Guest poster Robert Ouellette (seen above with bikes) has written for the National Post, Corporate Knights and his own Reading Toronto. He is cycling across Sweden and reports:
Toronto, a city rated as one of the most livable in the world by The Economist, just elected a new mayor. The unlikely ascension of a little-known suburban councillor who hates government spending to owner of the city's keys was a surprise to almost everyone, especially the departing administration who had done so much to raise Toronto's international reputation as a well-designed city.
But the Fox News world of low taxes and Republican values has found its way north to an economy in global warming and peak oil denial. The new mayor's first major decision to abandon eight years of transit planning ending what he calls 'the war on cars' is one more assault on good governance, sustainability, and egalitarian social values brought to you by the new world order.
One Way (except for bikes)
Since 9/11 a malaise has taken over the American continent. Our collective lizard brain--the one that does the thinking when intelligence goes offline--has decided it is calling the shots.
Need proof? When given a choice between investing in better transit systems to reduce mounting traffic problems, or spending more on police despite a plummeting crime rate, we choose more police. Logic? Forget it.
This is in spite of the truth that in a shrinking world with an increasingly interconnected economy, having an efficient and enjoyable city core is a key success factor in the search for a prosperous life. Throwing more people in jail isn't.
But for the nostalgia-ridden folks with two car garages and gas hog SUVs who want the Father Knows Best lifestyle of the go-go sixties, change is threatening. There is hope though. One of the trends coming out of this regressive pattern is that social change-leaders are doing what their early twentieth century counterparts did before them: they are fleeing to Europe for inspiration and even some kind of enlightenment. Meet the 'Lost Generation' reprised.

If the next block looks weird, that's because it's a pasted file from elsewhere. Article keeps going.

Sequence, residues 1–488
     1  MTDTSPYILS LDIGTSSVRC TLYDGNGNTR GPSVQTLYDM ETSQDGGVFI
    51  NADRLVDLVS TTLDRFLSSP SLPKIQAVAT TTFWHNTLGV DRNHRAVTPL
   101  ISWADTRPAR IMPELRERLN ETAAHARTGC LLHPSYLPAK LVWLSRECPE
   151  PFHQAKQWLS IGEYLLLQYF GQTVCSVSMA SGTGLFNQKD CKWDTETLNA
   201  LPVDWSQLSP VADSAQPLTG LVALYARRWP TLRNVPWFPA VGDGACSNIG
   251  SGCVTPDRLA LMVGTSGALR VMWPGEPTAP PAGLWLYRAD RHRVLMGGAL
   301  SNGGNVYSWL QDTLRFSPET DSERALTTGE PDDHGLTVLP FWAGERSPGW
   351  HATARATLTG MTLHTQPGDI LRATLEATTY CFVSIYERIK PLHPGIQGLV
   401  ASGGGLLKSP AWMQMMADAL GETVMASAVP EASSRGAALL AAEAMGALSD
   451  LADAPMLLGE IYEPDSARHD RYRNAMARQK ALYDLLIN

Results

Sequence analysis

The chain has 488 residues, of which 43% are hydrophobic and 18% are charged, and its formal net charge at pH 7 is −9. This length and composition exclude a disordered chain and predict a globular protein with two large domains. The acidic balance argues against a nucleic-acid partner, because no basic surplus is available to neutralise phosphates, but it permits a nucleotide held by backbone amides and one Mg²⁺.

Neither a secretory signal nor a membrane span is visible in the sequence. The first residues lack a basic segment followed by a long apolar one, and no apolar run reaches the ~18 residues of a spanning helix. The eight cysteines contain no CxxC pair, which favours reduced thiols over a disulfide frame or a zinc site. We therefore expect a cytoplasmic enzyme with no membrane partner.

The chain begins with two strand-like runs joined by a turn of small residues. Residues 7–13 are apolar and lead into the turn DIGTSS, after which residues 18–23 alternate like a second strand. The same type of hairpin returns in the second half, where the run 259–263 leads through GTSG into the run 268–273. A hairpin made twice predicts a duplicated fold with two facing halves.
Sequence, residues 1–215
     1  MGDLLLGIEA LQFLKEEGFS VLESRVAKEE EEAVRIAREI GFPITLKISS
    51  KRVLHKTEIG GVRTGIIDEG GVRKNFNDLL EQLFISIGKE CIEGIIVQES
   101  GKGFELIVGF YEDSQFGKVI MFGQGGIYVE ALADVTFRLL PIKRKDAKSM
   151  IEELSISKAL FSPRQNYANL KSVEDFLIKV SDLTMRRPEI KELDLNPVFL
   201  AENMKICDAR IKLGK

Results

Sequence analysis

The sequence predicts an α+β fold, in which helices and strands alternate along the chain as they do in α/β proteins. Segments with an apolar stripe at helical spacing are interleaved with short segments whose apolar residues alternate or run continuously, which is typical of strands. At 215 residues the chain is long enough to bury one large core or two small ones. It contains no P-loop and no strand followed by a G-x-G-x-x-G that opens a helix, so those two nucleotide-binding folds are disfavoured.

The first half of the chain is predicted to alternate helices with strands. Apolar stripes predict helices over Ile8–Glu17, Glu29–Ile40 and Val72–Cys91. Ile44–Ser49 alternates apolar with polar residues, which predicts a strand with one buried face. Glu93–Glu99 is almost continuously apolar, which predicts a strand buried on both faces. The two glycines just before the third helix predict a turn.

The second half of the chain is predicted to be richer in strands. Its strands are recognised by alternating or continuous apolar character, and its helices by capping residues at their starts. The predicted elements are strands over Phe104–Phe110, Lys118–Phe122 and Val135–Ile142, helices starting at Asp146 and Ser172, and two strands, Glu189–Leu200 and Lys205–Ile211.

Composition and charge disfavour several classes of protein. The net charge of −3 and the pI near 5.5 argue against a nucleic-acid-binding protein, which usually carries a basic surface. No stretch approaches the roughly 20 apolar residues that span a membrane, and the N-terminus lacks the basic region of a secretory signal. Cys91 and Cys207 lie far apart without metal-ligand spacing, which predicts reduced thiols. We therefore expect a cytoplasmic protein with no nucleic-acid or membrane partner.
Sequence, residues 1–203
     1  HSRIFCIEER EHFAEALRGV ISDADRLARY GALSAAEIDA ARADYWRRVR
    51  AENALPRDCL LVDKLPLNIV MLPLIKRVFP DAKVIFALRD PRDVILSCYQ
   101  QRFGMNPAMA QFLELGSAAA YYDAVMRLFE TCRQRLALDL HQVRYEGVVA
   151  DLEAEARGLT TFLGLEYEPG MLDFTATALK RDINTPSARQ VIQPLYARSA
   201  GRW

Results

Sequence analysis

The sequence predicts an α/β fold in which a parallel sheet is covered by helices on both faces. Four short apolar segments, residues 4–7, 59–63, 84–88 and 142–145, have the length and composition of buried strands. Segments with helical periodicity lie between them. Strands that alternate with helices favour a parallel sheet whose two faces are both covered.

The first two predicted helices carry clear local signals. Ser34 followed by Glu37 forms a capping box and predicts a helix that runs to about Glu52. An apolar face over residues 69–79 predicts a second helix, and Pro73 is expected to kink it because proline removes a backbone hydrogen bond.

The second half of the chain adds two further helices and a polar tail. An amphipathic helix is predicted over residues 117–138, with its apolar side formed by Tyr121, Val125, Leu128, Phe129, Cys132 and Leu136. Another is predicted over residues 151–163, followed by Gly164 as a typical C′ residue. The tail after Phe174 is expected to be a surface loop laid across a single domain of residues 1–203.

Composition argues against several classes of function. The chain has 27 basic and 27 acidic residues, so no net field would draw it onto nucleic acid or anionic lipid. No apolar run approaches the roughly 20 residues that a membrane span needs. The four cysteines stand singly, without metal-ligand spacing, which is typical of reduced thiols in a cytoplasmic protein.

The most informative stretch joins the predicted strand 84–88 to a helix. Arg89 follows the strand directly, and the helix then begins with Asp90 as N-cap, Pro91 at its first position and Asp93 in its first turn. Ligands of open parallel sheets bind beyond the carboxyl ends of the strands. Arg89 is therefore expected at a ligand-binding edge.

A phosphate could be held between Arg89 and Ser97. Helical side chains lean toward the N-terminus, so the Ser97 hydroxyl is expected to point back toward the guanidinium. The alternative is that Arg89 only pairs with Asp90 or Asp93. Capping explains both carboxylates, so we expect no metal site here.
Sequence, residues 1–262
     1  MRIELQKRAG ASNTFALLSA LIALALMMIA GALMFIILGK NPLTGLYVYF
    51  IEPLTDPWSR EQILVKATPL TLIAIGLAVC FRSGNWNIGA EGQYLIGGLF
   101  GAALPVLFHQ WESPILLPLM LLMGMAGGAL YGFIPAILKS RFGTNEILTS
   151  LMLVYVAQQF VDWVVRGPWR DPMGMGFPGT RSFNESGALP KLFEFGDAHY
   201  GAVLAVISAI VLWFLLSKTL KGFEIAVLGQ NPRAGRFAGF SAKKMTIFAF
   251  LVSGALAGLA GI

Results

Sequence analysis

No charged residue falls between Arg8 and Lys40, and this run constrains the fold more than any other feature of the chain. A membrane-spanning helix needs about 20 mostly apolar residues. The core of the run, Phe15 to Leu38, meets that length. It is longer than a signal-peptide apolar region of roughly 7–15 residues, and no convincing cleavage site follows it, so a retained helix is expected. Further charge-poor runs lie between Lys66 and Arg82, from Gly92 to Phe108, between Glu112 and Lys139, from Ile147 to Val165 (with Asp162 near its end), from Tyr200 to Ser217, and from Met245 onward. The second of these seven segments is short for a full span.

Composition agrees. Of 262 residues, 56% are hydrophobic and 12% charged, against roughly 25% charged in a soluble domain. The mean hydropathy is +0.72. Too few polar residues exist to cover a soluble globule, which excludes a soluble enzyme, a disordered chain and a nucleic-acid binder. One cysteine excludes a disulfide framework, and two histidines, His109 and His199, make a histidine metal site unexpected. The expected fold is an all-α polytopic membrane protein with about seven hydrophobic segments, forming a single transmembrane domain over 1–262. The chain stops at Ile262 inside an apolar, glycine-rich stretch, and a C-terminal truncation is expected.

When artists like Ernest Hemingway fled America with the desire to lose themselves in the cultural embrace of Europe, they left behind a young nation still searching for an identity. Travels through Picasso's visceral, blood red Spain and Cezanne's cerebral, blue gray Paris nourished inquisitive minds starved for cultural validation. The insights Hemingway, Fitzgerald, Eliot, and Stein gained and brought back to America allowed people there to see themselves in a new way. Thanks Nick Adams.
Fast forward one hundred years or so. This century's motivation to learn new things isn't driven by a global, mechanized war. No. Today's fight is about saving the world from global warming. How? One way is making cities functionally sustainable yet socially adaptive. The battlefield is located where complex social and technological systems overlap. That's where you'll find the winners and losers in the world's great game of economic preeminence.
That's why Sarah and I came to Scandinavia. We've brought our road bikes and will cycle from Copenhagen across Sweden to Stockholm. We're in search of answers to questions no longer being asked by policy makers at home. We want to learn how to design modern, cold climate cities that work. We're after best practice examples from successful designers.
Robert filling tires at complimentary pump, Copenhagen Airport
Within minutes of arriving at the Copenhagen airport we've seen results. The baggage handler who delivers our bikes points to a dedicated air hose on the wall we
use to fill our tires. Then we carry our bikes onto a train that takes us from the airport to downtown. Try and find either of those things in Toronto.
I'll be filing more stories about what we learn on this journey.
More on Robert Ouellette in TreeHugger:
Quote of the Day: Bear Stearns and the Environment
Has Recycling Jumped the Shark?